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Robert Johnson (guitars)

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Mississippi Delta bluesman Robert Leroy Johnson has been called the "King of the Delta Blues Singers",[1] the "Grandfather of Rock and Roll"[2] and "the most important blues singer that ever lived".[3] The guitars he played, recorded and was photographed with have always been of interest to blues researchers and musicologists, and this interest eventually led to the production of guitars dedicated to his memory.

Guitars Johnson played[edit]

1928 Gibson L-1
Kalamazoo KG-14

Robert Johnson played various guitars, produced in the 1920s and 1930s. The guitar he is holding in the studio portrait, where he's dressed in a suit, is a Gibson Guitar Corporation model L-1 flat top, which was a small body acoustic produced between 1926 and 1937. The guitar could have been a studio prop, or belonged to someone Johnson knew in Memphis where the photo was taken (Hook's Brothers photography shop on Beale Street).[4] People who knew Johnson (like musicians Johnny Shines, Robert Lockwood, Honeyboy Edwards, Calvin Frazier, William Moore) said he played Stella and Kalamazoo guitars, and perhaps a wood-bodied resonator early in his career (thought to be a Stella instrument). He was also reported to have used a National Resonator with an additional first string near the time of his death in 1938. In a 1974 interview published in Living Blues magazine, Delta blues musician Houston Stackhouse stated that when he accompanied Robert Johnson to Spiers' music store in 1936, "he was totin’ his guitar on his shoulder, Gibson guitar what he had done been having".[5] The L-1 had originally been produced as an arch top between 1902 and 1926.

Gibson Robert Johnson L-1
Keb' Mo' onstage in 2006

The guitar he is holding in the photo where he has a cigarette in his mouth is believed to be a Gibson Kalamazoo model KG-14, and some believe that he used a KG-14 in his legendary recording sessions in 1936 and 1937. Kalamazoo was a budget brand offered by Gibson during the depression era. The KG-14 originally sold for $12.50.[6] For the San Antonio sessions, Johnson's guitar was lost or broken during an arrest for vagrancy, and when he came to the studio to record, the studio obtained a guitar for him to use on the recordings.[7] Steven LaVere, in the liner notes to The Complete Recordings (The Centennial Collection), states that it sounds like Johnson used an archtop for the Dallas sessions and a flattop for the San Antonio sessions.[8] In an interview in the 1990s, Johnson's travelling partner, Johnny Shines, stated that both he and Johnson used Kalamazoo archtops.[9] The Kalamazoo archtops of the time were models KG-21 and KG-31.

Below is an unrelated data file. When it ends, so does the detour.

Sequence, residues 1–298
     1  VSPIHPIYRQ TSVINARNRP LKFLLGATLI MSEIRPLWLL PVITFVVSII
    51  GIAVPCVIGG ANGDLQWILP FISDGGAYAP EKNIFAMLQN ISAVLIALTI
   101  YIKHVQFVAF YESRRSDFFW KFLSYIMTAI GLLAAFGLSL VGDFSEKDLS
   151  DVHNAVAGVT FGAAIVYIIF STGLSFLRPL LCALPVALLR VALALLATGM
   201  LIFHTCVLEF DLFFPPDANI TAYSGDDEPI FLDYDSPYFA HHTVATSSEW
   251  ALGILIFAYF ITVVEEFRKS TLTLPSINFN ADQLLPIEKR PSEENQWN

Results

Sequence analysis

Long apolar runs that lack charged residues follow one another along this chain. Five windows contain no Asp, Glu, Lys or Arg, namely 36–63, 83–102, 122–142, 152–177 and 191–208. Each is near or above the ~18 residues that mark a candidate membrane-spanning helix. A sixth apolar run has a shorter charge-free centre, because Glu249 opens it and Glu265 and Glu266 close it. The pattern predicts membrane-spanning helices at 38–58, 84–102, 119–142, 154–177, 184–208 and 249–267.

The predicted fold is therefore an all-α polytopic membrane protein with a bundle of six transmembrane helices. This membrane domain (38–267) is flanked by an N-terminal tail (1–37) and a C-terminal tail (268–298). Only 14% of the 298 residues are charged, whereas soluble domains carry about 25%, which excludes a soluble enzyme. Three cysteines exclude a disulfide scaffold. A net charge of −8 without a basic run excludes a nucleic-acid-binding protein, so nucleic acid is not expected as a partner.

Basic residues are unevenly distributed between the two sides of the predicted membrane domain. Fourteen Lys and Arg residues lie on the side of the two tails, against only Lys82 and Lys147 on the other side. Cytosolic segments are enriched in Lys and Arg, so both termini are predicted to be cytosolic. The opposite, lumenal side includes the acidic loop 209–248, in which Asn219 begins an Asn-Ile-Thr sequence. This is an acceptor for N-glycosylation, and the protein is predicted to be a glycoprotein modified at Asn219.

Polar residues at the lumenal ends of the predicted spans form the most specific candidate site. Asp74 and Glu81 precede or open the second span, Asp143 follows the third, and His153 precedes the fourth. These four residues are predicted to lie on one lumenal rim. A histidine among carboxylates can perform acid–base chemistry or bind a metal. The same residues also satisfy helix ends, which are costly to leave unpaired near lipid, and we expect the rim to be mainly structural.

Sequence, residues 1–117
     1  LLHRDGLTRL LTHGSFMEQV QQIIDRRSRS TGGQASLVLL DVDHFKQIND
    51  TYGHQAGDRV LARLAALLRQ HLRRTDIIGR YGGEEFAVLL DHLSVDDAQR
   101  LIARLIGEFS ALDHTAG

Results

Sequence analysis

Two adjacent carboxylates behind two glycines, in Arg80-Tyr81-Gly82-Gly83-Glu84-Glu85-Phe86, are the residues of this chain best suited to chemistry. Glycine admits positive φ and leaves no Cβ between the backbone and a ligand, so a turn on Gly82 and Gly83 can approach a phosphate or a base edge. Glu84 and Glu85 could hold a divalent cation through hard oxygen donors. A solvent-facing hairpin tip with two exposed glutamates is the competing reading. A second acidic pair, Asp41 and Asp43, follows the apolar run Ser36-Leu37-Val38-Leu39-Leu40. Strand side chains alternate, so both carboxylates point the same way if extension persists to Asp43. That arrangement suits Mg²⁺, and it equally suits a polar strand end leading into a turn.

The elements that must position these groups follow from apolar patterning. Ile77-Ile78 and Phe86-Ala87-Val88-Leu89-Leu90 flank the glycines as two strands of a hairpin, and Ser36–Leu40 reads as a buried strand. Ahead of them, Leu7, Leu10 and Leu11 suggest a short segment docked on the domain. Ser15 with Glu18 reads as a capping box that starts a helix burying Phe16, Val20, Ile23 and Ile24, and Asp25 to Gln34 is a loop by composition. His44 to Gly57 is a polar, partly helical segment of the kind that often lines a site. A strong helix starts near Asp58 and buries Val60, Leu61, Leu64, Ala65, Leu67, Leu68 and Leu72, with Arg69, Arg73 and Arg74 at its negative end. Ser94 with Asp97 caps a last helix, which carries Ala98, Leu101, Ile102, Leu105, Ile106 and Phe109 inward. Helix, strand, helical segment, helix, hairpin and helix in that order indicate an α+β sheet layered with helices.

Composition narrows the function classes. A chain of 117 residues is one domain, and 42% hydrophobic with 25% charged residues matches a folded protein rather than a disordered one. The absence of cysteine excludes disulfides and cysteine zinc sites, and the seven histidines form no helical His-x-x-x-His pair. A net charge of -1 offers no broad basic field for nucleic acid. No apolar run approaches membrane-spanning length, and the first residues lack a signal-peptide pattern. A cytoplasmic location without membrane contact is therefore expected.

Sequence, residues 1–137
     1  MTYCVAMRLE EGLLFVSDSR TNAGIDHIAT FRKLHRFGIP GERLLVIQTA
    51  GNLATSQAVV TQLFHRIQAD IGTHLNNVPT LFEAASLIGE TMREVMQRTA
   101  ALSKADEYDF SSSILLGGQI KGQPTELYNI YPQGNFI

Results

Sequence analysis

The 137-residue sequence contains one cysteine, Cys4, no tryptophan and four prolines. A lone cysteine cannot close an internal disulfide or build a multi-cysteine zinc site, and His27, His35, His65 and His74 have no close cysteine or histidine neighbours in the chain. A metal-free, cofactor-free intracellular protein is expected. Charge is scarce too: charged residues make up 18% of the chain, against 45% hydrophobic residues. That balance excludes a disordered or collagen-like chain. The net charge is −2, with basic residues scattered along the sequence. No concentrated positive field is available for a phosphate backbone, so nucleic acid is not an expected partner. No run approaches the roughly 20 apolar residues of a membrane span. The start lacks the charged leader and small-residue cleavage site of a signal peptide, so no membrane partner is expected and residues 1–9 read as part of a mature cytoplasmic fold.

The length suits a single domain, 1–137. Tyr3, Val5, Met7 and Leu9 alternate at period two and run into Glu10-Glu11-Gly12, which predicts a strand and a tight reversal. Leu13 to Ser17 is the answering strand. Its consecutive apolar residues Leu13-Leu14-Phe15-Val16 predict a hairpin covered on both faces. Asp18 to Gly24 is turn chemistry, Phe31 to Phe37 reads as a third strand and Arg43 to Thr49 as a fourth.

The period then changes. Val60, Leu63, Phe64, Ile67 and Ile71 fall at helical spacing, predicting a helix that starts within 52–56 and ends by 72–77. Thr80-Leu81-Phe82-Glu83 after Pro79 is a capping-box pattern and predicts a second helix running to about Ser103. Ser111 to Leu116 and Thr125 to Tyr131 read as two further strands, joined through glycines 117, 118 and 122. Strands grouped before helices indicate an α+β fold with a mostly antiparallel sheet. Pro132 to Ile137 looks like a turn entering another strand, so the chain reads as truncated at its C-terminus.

Gibson Acoustic Robert Johnson L-1[edit]

Gibson acquired the "Valley Arts" name in the late 1990s or early 2000s, and also introduced a reissue of their L-1 flat top acoustic in a signature Robert Johnson series. Where the original commemorative series ends and the reissue series begins, and if the reissue was affected by or borrowed anything from the commemorative series, is another area of uncertainty.

This Gibson reissue is offered only with a Vintage Sunburst finish. Features include: 25-inch scale length, small body, solid Sitka spruce top, mahogany back and sides, ebony fingerboard and bridge, pearl inlays, nickel Gotoh white button tuners, and a Robert Johnson signature inlay at the end of the fingerboard.[10]

Gibson Keb' Mo' Bluesmaster[edit]

Kevin Moore, the bluesman who portrayed Robert Johnson in the 1997 docu-drama Can't You Hear the Wind Howl,[11] was involved in the development of the Valley Arts Robert Johnson commemorative guitar. He has had a limited edition L series style flat top acoustic guitar that was produced and offered by Gibson from 2010 to 2015. It is similar to the Johnson L-1, but has some upgrades and electronic pickup. This is the most contemporary and versatile of the small bodied acoustics discussed here which came before, and without which would not have led to its development. [12][13]


  1. ^ "King of the Delta Blues Singers - Robert Johnson | Songs, Reviews, Credits | AllMusic". AllMusic.
  2. ^ Stafford, James (11 March 2015). "The Roots of Indie: Robert Johnson". Diffuser.fm. Retrieved 13 December 2021.
  3. ^ "The 50 albums that changed music". TheGuardian.com. 16 July 2006.
  4. ^ "(DOC) Report Analyzing Robert Johnson's 1928 Gibson L-1 and Another Guitar Purprted to be the Same | Bruce Conforth - Academia.edu". Archived from the original on 2019-06-05. Retrieved 2019-06-05.
  5. ^ O'Neal, Jim. "Houston Stackhouse" Living Blues Magazine n17 (Summer 1974), 17-36
  6. ^ Blueheart archive, archived from the original on 2010-02-23
  7. ^ Conforth, Bruce M.; Wardlow, Gayle Dean (2019). Up jumped the devil : the real life of Robert Johnson (First ed.). Chicago Review Press, Incorporated. ISBN 978-1641600941.
  8. ^ The Complete Recordings
  9. ^ "Johnny Shines Complete Living Blues Interview". Jasobrecht.com.
  10. ^ "Robert Johnson L-1". 2.gibson.com.
  11. ^ "Can't You Hear the Wind Howl? The Life & Music of Robert Johnson". IMDb.
  12. ^ "Gibson Keb' Mo' Bluesmaster". Legacy.gibson.com. Retrieved 13 December 2021.
  13. ^ "Gibson Acoustic Announces the Keb Mo Signature Blues Master Model". Premierguitar.com. 29 December 2009.